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Curiosity Killed the Think Piece: We’re Allowed to Wonder Who Ferrante Is

Rachel Cordasco

Staff Writer

Rachel Cordasco has a Ph.D in literary studies and currently works as a developmental editor. When she's not at her day job or chasing three kids, she's writing reviews and translating Italian speculative fiction. She runs the website, and can be found on Facebook and Twitter.

People, I’m tired of the pointless literary thinky-pieces with questions for titles. You know what I’m talking about. “Is the Novel Really Dead?” “Does Anybody Really Read Shakespeare Anymore?” “Is [Author] an Interdimensional Alien?”

Specifically, I was annoyed by the recent Electric Lit piece, “Why Do We Care Who the ‘Real’ Elena Ferrante Is?” Here we’re brought up to date on the latest speculation about the anonymous Italian author’s true identity. The central question of the piece, though, is why “we” would even try to find out who this writer “really” is when ‘Muricans are too boorish too even name an Italian author, much less care about what they write.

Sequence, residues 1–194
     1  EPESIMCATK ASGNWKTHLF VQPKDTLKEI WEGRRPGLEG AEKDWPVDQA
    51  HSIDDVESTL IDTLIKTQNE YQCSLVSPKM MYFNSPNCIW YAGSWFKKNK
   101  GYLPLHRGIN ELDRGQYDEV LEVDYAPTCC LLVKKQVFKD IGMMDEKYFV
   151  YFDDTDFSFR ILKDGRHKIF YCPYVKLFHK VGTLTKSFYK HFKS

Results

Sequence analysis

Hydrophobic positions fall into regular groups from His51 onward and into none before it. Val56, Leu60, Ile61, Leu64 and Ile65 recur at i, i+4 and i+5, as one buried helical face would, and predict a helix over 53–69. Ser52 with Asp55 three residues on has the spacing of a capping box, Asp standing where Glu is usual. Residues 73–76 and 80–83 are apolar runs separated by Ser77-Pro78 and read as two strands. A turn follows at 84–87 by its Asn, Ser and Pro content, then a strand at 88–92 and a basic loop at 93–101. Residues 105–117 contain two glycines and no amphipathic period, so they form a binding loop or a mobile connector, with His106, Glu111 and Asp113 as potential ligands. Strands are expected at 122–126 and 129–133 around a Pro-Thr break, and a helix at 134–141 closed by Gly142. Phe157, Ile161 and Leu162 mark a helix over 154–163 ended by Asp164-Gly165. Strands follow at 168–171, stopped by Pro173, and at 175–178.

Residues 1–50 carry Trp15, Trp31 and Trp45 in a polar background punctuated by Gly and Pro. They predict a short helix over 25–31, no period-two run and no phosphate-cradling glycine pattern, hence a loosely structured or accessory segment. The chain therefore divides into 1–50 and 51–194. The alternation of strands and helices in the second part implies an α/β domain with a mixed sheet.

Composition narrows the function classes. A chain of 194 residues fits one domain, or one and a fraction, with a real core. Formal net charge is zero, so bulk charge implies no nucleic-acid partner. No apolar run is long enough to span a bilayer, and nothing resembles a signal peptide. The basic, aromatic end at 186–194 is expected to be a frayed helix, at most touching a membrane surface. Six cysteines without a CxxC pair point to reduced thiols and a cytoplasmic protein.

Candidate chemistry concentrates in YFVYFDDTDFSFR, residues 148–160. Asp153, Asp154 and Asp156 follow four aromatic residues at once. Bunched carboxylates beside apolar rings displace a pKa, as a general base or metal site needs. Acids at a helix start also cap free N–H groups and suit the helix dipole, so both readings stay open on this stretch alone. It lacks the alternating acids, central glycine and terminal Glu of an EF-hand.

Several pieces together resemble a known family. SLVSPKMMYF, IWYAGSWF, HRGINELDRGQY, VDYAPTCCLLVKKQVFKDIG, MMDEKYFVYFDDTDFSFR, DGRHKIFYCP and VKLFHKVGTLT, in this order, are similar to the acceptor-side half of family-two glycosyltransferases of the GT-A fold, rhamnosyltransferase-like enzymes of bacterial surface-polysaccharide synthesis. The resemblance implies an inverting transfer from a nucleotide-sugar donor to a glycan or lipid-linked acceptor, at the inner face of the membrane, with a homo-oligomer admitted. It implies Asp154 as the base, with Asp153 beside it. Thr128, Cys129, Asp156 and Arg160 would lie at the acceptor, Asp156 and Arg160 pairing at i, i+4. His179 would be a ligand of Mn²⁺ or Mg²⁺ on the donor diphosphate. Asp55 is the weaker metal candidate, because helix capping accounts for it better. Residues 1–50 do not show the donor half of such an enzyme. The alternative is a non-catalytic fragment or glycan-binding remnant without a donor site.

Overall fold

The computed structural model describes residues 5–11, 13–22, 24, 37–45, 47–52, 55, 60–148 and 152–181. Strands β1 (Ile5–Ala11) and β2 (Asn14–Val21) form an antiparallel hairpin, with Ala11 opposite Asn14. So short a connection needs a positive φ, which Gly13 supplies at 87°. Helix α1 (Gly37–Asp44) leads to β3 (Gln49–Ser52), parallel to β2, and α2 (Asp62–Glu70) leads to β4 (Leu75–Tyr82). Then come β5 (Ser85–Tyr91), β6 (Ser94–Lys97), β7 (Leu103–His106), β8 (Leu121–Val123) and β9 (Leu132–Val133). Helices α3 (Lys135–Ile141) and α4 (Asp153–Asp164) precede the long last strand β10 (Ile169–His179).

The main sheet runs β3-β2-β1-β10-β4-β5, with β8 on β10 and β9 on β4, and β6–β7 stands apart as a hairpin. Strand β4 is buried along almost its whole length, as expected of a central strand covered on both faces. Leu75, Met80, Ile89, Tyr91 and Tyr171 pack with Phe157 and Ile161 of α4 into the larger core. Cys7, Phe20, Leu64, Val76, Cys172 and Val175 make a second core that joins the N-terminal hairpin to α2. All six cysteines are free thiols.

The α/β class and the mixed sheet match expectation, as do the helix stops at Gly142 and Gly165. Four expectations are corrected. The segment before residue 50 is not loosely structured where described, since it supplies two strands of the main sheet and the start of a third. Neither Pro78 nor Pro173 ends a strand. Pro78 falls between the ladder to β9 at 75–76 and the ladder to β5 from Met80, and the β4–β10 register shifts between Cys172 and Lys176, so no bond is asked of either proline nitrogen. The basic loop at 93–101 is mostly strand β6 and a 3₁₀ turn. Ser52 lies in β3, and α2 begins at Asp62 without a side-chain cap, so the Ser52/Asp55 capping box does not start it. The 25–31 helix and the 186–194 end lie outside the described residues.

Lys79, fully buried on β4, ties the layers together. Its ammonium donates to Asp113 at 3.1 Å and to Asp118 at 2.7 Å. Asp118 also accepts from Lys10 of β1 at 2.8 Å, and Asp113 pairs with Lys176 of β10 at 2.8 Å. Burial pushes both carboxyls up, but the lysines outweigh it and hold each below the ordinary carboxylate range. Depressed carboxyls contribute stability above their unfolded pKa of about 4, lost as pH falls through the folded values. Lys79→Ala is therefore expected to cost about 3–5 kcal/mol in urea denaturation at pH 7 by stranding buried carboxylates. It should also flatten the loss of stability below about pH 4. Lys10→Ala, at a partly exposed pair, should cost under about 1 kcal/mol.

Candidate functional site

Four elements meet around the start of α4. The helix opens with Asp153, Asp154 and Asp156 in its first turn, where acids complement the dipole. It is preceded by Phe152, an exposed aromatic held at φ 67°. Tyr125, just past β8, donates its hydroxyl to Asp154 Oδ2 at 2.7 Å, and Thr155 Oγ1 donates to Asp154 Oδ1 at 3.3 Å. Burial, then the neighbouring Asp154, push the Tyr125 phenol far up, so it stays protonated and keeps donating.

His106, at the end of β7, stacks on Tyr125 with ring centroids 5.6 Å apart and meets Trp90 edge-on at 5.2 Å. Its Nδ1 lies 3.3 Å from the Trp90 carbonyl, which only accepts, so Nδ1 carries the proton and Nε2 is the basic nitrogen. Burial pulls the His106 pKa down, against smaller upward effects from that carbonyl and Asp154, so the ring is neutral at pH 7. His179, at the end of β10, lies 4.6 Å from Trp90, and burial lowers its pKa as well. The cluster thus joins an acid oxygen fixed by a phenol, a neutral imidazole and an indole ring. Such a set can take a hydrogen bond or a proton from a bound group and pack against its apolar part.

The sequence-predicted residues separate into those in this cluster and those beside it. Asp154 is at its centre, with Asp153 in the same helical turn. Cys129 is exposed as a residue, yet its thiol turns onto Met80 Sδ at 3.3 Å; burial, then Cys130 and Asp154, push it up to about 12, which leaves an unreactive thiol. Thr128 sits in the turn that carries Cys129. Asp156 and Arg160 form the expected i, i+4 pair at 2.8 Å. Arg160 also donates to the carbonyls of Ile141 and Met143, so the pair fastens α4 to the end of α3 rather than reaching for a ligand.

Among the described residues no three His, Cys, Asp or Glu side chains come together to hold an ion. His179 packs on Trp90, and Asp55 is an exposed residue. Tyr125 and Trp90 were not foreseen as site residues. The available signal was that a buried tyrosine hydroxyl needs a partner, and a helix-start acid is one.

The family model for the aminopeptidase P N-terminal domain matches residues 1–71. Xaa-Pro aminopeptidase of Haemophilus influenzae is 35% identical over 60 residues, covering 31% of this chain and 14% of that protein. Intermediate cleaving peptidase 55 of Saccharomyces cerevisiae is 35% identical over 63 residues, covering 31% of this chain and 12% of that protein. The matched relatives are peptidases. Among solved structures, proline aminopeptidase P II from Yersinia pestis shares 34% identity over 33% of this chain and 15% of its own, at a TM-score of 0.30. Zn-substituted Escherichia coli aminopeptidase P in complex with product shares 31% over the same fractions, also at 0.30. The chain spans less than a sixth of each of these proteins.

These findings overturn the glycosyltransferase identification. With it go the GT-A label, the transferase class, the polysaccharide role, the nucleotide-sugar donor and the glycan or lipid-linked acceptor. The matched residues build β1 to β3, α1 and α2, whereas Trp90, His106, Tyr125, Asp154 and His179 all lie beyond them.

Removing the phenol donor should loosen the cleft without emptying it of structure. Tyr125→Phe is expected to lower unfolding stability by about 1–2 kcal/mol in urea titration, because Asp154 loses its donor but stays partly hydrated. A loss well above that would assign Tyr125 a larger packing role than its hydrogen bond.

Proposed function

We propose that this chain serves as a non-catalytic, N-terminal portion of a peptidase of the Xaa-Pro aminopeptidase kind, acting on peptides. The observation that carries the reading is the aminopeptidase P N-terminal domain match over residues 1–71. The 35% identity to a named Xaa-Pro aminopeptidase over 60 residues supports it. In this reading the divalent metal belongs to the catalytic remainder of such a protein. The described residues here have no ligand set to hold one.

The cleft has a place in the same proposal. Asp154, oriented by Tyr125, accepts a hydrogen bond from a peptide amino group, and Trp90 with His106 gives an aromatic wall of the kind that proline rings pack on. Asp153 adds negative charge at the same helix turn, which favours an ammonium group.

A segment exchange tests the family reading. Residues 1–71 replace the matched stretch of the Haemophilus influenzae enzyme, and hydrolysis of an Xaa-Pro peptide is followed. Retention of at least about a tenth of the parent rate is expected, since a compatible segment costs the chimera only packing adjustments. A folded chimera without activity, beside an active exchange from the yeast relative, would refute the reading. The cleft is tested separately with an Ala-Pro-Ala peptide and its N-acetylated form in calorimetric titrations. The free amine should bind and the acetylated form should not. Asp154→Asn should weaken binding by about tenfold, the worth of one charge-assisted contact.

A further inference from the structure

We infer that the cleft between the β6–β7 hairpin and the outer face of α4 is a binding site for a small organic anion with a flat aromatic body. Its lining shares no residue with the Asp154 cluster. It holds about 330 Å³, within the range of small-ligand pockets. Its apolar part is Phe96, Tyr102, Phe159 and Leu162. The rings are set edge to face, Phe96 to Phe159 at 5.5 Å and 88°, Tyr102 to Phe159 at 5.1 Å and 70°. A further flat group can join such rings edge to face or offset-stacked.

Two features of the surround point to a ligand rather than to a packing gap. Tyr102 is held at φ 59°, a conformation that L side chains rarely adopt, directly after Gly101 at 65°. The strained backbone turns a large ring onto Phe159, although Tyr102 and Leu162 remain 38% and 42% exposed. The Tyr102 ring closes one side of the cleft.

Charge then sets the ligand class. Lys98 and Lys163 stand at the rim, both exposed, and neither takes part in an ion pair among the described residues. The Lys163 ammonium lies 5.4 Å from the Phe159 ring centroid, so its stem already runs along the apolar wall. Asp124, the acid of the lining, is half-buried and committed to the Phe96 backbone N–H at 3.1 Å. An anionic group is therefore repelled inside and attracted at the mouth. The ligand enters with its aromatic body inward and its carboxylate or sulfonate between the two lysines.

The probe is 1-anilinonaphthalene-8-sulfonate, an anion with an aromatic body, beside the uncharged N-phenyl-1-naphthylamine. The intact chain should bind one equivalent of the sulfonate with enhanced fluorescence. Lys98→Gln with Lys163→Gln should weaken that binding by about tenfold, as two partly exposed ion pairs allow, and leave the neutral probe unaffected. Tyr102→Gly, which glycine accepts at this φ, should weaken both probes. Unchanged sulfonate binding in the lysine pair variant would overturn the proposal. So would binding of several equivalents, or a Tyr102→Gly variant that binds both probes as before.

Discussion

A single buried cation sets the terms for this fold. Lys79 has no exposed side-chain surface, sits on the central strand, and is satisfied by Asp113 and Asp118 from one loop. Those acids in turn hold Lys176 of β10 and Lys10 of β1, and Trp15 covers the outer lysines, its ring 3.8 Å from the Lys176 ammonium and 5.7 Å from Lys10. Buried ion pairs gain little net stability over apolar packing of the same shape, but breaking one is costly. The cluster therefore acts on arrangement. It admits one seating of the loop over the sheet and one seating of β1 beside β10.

Why am I annoyed? Because this question of identity and biography is so worn and so old and so thoroughly-discussed that it’s not worth discussing anymore. Back in the 1960s, Roland Barthes wrote his thing about divorcing the text from the author and not letting authorial intent or biography influence our reading of a text. I’ve always found this argument bogus, because it’s like saying that a novel descended fully-formed from the heavens and can (and should) be understood only in terms of itself. Um, I’m sorry but can we really understand Hard Times without understanding Dickens’s England? Can we really appreciate Beloved without its historical context? NOPE.

But all of that aside, what’s with this question “Why Do We Care Who the ‘Real’ Elena Ferrante Is?” Why wouldn’t we. We’re humans, and humans are curious. Ever seen Star Trek? You know all those four-year-olds who follow you around asking “why why why why why”? Well, we never really grow out of that. We’re nosy and like to get all up in each other’s business. Why is that so hard to understand?

When I took to twitter to air my irritation, Electric Lit and I had the following snarky exchange:

I mean, look at our obsession with J. D. Salinger or Thomas Pynchon. We want to know whyyyyyy they didn’t want to show themselves and be social and whatever. Even Harper Lee has been called “reclusive” even though she never hid from anyone. She just lived a simple life and didn’t seek the spotlight. But To Kill a Mockingbird has had such an impact on so many people, that we want to know all we can know about her. Because human curiosity.

So let’s stop worrying about why people want to know this or that, and just talk about what makes Ferrante’s novels so compelling. She’s said that she wants to remain anonymous, and people don’t care and want to know who she is anyway. It’s a draw. Let’s move on.